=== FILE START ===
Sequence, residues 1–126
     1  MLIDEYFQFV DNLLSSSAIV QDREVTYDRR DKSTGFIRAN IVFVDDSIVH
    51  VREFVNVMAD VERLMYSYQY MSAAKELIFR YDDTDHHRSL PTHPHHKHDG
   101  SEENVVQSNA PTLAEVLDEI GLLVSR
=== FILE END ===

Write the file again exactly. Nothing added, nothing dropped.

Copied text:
Sequence, residues 1–126
     1  MLIDEYFQFV DNLLSSSAIV QDREVTYDRR DKSTGFIRAN IVFVDDSIVH
    51  VREFVNVMAD VERLMYSYQY MSAAKELIFR YDDTDHHRSL PTHPHHKHDG
   101  SEENVVQSNA PTLAEVLDEI GLLVSR